I am way too tired this morning from waiting for tranches of vote counts to drop to write an amusing intro, so let’s get straight to the news:
- San Diego voters have approved Measure E, which removes a 30-foot height limit on buildings in the Midway District, which will allow the construction of a $1 billion-or-so new arena complex, which it’s still not entirely clear how it would be paid for, plus there’s still a lawsuit against it, so tune back in later.
- MLB commissioner Rob Manfred has told Sports Business Daily that holding the World Series at a neutral site every year is not “completely off the table” because “you can plan, you can take out travel, you can pick sites that eliminate weather problems.” Marc Normandin notes that this is probably just a trial balloon — “Manfred says a lot of things to gauge the reaction of them, and then attempts to move forward with the things he thinks he can get away with or that are worth MLB’s time regardless of fan reaction” — but also points out that MLB could require cities to bid for the World Series like they do the Olympics, or at least use hosting rights as a carrot for cities to build new stadiums (like they already do with the All-Star Game), which is likely a way bigger factor than how early John Smoltz gets to book his plane tickets.
- The MLS expansion team Charlotte F.C. is no longer looking to build a new headquarters at the former Eastland Mall, apparently as a Covid-sparked cost-saving measure. As a result, the city of Charlotte is cutting its subsidies to the team (at least for now) from $110 million to $39 million. There needs to be a new agreement worked out between the team and the city, but also the city council is voting on it on Monday, so maybe it’s already worked out?
- The Toronto Raptors could play the 2020-21 season in Newark to get around U.S.-Canada travel restrictions, because at least Newark is in the East. The safety of playing basketball indoors without a bubble remains unclear, but that big German indoor concert study shows that maybe it’s actually safe so long as there’s good ventilation and everyone wears masks and distances, which basketball players aren’t going to do, so never mind.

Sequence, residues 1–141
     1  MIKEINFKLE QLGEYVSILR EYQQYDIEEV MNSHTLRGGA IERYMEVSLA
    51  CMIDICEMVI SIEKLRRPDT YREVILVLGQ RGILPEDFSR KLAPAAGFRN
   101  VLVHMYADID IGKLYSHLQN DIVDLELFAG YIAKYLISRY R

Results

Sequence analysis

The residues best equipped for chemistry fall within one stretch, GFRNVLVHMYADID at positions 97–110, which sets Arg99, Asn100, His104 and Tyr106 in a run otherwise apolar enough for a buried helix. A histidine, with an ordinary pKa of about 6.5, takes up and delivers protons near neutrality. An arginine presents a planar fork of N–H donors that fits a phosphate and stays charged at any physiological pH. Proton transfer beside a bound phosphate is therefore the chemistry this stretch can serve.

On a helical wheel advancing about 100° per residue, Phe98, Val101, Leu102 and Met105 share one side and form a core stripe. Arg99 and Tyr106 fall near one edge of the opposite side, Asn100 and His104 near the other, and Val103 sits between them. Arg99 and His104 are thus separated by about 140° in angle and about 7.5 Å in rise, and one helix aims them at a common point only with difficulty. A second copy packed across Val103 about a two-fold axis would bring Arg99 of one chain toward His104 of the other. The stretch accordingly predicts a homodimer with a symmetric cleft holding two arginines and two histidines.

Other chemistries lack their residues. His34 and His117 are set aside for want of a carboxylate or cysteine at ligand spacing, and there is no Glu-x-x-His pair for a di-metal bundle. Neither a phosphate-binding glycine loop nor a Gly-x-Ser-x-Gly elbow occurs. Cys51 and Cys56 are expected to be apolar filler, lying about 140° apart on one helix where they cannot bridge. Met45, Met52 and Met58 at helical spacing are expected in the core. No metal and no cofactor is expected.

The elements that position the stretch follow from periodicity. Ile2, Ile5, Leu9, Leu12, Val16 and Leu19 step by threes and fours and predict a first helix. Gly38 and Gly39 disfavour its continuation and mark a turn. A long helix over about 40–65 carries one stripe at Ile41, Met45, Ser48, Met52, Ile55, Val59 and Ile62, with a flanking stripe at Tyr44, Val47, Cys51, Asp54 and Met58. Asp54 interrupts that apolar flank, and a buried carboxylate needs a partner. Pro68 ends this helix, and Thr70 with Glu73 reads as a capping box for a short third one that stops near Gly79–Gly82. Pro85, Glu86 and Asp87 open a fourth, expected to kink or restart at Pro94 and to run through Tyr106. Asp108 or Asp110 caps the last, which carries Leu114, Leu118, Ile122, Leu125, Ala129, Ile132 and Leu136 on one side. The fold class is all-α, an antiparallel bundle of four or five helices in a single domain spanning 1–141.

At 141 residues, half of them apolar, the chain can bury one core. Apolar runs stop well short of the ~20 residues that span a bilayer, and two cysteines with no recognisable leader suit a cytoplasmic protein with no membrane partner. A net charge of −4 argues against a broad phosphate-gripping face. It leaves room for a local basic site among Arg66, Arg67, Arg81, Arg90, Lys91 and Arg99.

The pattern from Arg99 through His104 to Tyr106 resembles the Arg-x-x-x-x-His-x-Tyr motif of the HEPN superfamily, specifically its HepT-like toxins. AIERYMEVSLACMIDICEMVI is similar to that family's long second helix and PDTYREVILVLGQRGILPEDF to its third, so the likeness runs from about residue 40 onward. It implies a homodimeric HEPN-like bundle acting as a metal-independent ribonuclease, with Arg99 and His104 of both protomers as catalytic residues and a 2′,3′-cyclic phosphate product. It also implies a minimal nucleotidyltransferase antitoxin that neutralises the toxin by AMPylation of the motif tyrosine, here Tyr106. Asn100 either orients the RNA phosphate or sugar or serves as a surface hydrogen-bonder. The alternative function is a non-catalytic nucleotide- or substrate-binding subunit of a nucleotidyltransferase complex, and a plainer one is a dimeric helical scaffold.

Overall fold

- D.C. United fired its security company to save money and then asked team staffers to take unpaid shifts sitting in the arena watching security cameras, which is very much not a good look. Adding “Volunteering to assist with security will certainly be looked favorably upon (and vice versa)” really didn’t help.
- Hotels in Tampa Bay are excited about the upcoming Super Bowl, even if it’s at reduced capacity, because absolutely nobody is staying at hotels in Tampa Bay right now.
- Portland’s sports-owner-friendly mayor Ted Wheeler was re-elected, and this guy is really happy because yeah sports!!!
- As if the San Francisco 49ers battle with the city of Santa Clara over their stadium operations isn’t weird enough, now the team has signed a parking agreement with the city and then asked the city to tear it up, which is both weird and probably illegal.
- SB Nation’s Minnesota Twins blog looks back at that time team execs ran an ad warning that if they didn’t get a new stadium and the team left town, outfielder Marty Cordova could no longer visit eight-year-old cancer patients. Also the kid in the ad had already died by the time it ran. That did not work out well, but the Twins still got their publicly funded stadium a decade later by doing an end run around the city and getting the county to pay for it, so all’s well that ends well or something.